2. Scientist are creating a modified mosquito to fight other mosqiutos

A genetically modified (GM) strain of malaria-resistant mosquito has been created that is better able to survive than disease-carrying insects.
It gives new impetus to one strategy for controlling the disease: introduce a transgenic mosquito carrying a gene that confers resistance to the malaria parasite into wild populations in the hope that they will take over. These mosquitoes had another gene inserted into them to make their eyes fluoresce, to distinguish them from the ordinary strain. The insect carries a gene that prevents infection by the malaria parasite. The researchers caution that their studies are still at an early stage, and that it could be 10 years or more before engineered insects are released into the environment. The approach exploits the fact that the health of infected mosquitoes is itself compromised by the parasite they spread. Insects that cannot be invaded by the parasite are therefore likely to be fitter and out-compete their disease-carrying counterparts.
1. Scientists are trying to grow human eyeballs

A genetic switch that gives tadpoles three eyes could allow stem-cell scientists to eventually grow human eyeballs or at least create replacement parts needed for repair jobs. If scientists could grow eyeballs from stem cells in the lab, the process would be a boon to individuals with damage to cells within the eye, including retinal disorders.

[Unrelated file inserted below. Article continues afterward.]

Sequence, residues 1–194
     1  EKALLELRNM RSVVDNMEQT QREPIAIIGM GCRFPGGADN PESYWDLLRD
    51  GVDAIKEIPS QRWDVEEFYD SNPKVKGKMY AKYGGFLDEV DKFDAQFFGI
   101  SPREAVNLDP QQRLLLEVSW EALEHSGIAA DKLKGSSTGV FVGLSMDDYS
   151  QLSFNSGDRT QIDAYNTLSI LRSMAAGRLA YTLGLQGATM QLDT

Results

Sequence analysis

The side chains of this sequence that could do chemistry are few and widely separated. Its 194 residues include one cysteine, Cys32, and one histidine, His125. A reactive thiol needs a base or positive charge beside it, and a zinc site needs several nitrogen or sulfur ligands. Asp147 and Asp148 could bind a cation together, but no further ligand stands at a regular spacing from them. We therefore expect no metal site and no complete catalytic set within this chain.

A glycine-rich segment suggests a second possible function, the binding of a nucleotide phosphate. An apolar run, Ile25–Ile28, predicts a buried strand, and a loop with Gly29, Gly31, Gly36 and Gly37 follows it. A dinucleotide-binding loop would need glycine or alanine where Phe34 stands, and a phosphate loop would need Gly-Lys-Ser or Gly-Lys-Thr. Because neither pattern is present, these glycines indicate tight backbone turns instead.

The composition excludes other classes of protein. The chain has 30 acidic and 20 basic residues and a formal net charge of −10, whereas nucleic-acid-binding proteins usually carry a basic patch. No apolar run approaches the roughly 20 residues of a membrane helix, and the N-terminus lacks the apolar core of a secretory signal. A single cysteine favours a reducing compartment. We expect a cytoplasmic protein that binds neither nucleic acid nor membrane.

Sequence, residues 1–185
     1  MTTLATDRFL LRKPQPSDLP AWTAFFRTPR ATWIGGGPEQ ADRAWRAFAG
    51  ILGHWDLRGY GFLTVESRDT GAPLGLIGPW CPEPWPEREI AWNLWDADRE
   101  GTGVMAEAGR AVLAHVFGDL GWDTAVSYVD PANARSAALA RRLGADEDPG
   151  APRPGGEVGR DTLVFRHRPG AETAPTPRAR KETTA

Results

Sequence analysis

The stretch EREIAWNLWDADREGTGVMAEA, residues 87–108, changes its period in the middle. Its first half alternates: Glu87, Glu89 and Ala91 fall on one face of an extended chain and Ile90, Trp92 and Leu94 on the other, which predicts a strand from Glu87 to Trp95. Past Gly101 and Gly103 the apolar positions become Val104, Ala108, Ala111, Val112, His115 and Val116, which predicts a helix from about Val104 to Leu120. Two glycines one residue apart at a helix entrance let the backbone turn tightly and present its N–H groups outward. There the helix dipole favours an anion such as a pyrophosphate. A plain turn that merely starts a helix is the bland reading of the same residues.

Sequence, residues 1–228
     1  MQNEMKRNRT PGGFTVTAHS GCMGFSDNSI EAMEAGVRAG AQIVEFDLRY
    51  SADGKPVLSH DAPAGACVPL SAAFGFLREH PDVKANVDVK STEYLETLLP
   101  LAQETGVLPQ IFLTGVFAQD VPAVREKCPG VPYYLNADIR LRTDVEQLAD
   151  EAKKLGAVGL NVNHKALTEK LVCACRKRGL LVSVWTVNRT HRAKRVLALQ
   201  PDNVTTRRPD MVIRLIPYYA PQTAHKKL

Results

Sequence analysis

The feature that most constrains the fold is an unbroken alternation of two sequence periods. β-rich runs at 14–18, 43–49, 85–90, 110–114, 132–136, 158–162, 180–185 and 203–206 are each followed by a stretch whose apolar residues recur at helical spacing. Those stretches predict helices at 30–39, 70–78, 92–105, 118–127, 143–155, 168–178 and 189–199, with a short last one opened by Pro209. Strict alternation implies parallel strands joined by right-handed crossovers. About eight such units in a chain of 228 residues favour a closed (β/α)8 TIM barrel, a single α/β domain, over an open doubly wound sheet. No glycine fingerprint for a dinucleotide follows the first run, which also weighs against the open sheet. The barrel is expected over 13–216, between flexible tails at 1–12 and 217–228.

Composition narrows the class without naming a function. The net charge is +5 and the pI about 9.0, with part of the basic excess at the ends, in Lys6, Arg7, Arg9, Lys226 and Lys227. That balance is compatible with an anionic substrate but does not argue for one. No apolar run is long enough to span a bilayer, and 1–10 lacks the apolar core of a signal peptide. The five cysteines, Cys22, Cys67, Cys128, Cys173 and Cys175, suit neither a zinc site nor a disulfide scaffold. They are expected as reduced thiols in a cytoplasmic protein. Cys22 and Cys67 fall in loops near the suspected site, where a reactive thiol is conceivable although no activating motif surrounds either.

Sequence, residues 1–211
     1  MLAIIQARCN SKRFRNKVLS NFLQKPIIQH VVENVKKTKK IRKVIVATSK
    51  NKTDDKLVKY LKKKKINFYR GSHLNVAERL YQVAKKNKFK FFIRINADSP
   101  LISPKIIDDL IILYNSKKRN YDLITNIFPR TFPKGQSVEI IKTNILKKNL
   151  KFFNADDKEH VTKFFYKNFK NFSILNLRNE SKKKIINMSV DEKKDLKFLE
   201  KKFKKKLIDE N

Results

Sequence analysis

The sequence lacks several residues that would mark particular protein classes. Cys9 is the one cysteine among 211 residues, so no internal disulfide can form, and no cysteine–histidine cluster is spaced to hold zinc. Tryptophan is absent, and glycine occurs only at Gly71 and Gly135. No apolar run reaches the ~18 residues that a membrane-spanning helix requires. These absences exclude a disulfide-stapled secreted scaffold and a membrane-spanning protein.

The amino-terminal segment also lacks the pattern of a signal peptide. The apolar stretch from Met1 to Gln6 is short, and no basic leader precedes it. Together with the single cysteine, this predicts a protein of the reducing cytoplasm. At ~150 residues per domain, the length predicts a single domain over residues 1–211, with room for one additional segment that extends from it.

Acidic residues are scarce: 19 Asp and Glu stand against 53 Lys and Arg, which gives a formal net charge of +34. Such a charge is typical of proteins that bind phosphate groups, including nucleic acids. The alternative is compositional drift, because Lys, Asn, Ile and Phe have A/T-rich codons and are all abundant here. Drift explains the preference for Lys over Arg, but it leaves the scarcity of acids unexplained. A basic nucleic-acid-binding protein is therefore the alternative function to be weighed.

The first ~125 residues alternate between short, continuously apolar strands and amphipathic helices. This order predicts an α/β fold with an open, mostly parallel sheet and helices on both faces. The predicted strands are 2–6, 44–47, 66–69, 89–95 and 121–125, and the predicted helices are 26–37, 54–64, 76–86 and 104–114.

Scientists had already established the amphibian genes that initiate and direct eye development, which they refer to as Eye Field Transcription Factors (EFTFs). How these genes get activated in the right location at a certain time during development had been cloaked in mystery. But in 2007, a new study suggested a nitrogen-bearing molecule sets off a series of steps that result in eye formation in frogs. When researchers injected a specific enzyme into frog embryos, the resulting tadpoles showed an extra eye. The mechanism probably also applies to humans and other animals with eyes. Dale and University of Warwick developmental biologist Elizabeth Jones, along with colleagues, discovered the eye-switch while investigating how “ectoenzyme” molecules located on the external surface of cells contributed to the development of locomotion in the African clawed frog (Xenopus laevis). The biologists injected the molecules into frog embryos that comprised just eight cells.
One of the ectoenzymes triggered wonky eye development. When added to cells that would eventually form the head, the resulting tadpole sported three eyes instead of two. An even stranger sight resulted when they injected the ectoenzyme into other developing body cells. The molecule caused an additional “ectopic” eye, leading to tadpoles with a spare peeper growing out of the side, abdomen or even along the tail.